“The PIJ delegation was headed by its Secretary General Ramadan Shalah and included his assistants Ziad Nakhleh and military official of the movement Akram Ajuri. It held several public meetings with Iranian leaderships and other private meetings with the Commander of the Iranian National Guard and Commander of the Quds Force Qassem Soleimani.
The parties discussed various files that elaborated the Iranian vision for the PIJ Movement in the coming years.
One of the major decisions taken by Qassem Soleimani and approved by the political and military offices of the Movement, according to the sources, was restructuring al-Quds Brigades, the armed wing of the PIJ, and assigning Khaled Mansour the general commander of the Brigades in Gazza [sic] Strip.
Notably, Mansour is considered to be one of the most prominent leaders who are close to Iran and is respected and honored by the PIJ Movement.
Soleimani also ordered allocating $70 million as an annual budget for the Quds Brigades, transferred from the Iranian Revolutionary Guard’s treasury.”
Readers may recall that last July the BBC’s Middle East editor assured audiences that improvement in Iran’s finances as a result of the JCPOA would be directed to domestic investment rather than increased support for terror.
“…and there are people within Iran – people in the…ehm…the…ehm…Revolutionary Guard Corps – who…ah…do want to cause trouble around the region in the way that [previous interviewee] Frum was talking about it there. But the counter-argument to what he was saying is that the…President Rouhani was elected because people hoped that he would end Iran’s isolation and thus improve the economy. So the windfall that they will be getting eventually, which is made up of frozen revenues – oil revenues especially –around the world, ah…there are people who argue that look; that will go to try to deal with loads and loads of domestic economic problems and they’ll have trouble at home if they don’t do that. If people – the argument goes on – are celebrating in Iran about the agreement, it’s not because they’ll have more money to make trouble elsewhere in the region; it’s because things might get better at home.” Jeremy Bowen, PM, BBC Radio 4, July 14th, 2015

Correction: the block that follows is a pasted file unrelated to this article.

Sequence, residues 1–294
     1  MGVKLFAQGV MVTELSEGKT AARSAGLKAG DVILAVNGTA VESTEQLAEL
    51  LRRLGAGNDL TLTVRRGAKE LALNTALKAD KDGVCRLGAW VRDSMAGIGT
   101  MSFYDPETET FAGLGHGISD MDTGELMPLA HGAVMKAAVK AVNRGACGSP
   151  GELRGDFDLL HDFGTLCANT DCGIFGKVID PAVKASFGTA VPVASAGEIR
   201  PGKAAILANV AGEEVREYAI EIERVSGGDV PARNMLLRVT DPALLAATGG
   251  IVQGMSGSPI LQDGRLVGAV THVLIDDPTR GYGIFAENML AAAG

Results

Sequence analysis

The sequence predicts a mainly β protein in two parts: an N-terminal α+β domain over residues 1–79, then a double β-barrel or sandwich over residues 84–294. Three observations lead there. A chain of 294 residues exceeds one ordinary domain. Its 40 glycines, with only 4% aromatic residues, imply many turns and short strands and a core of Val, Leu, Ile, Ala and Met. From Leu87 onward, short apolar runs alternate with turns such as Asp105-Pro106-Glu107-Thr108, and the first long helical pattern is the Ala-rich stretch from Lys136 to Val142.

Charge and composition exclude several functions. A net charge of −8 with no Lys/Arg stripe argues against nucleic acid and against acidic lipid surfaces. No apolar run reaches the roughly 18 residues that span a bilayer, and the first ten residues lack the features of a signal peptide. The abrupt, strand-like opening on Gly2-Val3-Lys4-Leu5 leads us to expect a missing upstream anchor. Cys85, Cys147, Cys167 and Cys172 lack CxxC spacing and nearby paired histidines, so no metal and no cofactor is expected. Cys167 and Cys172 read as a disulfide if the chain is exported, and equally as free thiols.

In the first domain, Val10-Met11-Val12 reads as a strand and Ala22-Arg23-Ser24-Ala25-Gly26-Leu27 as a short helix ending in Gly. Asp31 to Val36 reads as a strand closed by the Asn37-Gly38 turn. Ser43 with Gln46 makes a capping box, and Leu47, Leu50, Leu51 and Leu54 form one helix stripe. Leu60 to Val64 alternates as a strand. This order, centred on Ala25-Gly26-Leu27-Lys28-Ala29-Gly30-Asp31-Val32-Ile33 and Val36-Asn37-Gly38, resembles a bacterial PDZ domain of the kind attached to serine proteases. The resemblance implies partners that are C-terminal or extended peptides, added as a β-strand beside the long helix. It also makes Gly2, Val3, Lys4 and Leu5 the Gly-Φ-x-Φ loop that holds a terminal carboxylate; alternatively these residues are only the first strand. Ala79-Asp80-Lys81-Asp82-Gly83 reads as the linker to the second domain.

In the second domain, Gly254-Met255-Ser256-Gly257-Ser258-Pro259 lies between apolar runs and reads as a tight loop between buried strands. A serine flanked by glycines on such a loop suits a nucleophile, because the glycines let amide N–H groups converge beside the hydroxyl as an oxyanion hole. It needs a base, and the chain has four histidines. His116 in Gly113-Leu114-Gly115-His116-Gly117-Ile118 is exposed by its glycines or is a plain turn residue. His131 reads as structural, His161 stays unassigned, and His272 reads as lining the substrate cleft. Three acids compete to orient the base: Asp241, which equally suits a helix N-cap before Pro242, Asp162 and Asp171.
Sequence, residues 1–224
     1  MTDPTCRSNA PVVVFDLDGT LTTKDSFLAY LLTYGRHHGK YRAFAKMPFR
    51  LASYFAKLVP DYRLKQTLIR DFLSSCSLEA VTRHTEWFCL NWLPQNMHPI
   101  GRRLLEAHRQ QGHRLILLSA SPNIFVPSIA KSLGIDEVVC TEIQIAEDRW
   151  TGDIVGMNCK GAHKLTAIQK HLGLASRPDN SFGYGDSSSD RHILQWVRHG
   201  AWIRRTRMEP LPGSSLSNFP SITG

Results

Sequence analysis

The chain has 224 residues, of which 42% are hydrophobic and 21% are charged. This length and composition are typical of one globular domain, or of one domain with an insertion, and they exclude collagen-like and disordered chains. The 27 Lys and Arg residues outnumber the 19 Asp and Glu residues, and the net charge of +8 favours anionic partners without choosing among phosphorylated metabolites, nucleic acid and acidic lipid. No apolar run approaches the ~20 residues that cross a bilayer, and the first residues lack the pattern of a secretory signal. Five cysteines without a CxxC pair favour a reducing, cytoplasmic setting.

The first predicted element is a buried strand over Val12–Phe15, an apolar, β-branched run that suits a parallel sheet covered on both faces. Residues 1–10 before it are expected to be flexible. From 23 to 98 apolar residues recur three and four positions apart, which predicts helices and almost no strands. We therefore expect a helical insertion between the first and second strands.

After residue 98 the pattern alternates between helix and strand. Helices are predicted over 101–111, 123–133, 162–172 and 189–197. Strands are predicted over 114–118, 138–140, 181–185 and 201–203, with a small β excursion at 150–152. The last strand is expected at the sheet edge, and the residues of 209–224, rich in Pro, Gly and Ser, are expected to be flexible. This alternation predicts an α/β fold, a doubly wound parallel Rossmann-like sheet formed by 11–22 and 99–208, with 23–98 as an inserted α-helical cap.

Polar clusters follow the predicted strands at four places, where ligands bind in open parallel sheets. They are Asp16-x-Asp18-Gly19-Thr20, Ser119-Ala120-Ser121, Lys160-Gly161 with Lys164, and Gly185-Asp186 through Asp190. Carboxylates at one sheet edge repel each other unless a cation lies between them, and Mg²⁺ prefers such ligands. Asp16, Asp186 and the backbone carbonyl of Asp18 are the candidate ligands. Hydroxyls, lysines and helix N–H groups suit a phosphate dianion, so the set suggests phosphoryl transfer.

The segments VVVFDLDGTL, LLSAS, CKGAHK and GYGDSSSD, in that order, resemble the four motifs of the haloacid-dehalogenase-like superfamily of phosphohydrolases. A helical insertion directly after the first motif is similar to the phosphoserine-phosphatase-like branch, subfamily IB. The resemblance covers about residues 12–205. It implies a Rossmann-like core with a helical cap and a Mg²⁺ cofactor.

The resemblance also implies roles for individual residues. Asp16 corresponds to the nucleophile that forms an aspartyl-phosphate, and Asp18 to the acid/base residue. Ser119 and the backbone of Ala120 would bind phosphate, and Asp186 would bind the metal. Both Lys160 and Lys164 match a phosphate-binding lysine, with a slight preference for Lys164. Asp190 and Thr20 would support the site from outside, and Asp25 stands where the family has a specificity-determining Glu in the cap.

More recently, in February of this year, BBC News coyly told its audiences that “Iran has been accused of funding militant groups, such as Hezbollah in Lebanon” without providing any relevant background information on the issue of Iranian sponsorship of foreign terror groups.
Also in February, analysis of the results of elections in Iran from the BBC’s chief international correspondent Lyse Doucet included the following portrayal of what the BBC described as a win for “reformists”:
“This stunning election result will make a difference in Iran’s engagement with the wider world.”
If Asharq al-Awsat’s sources are correct and the Iranian Revolutionary Guard Corps has indeed upgraded ties with its proxy the Palestinian Islamic Jihad, this is obviously yet another example of how the BBC’s lopsided promotion of the notion of ‘reformists and moderates’ in Iran blinkers audiences, diminishing their understanding not only of that country but also of its influence on the Middle East as a whole.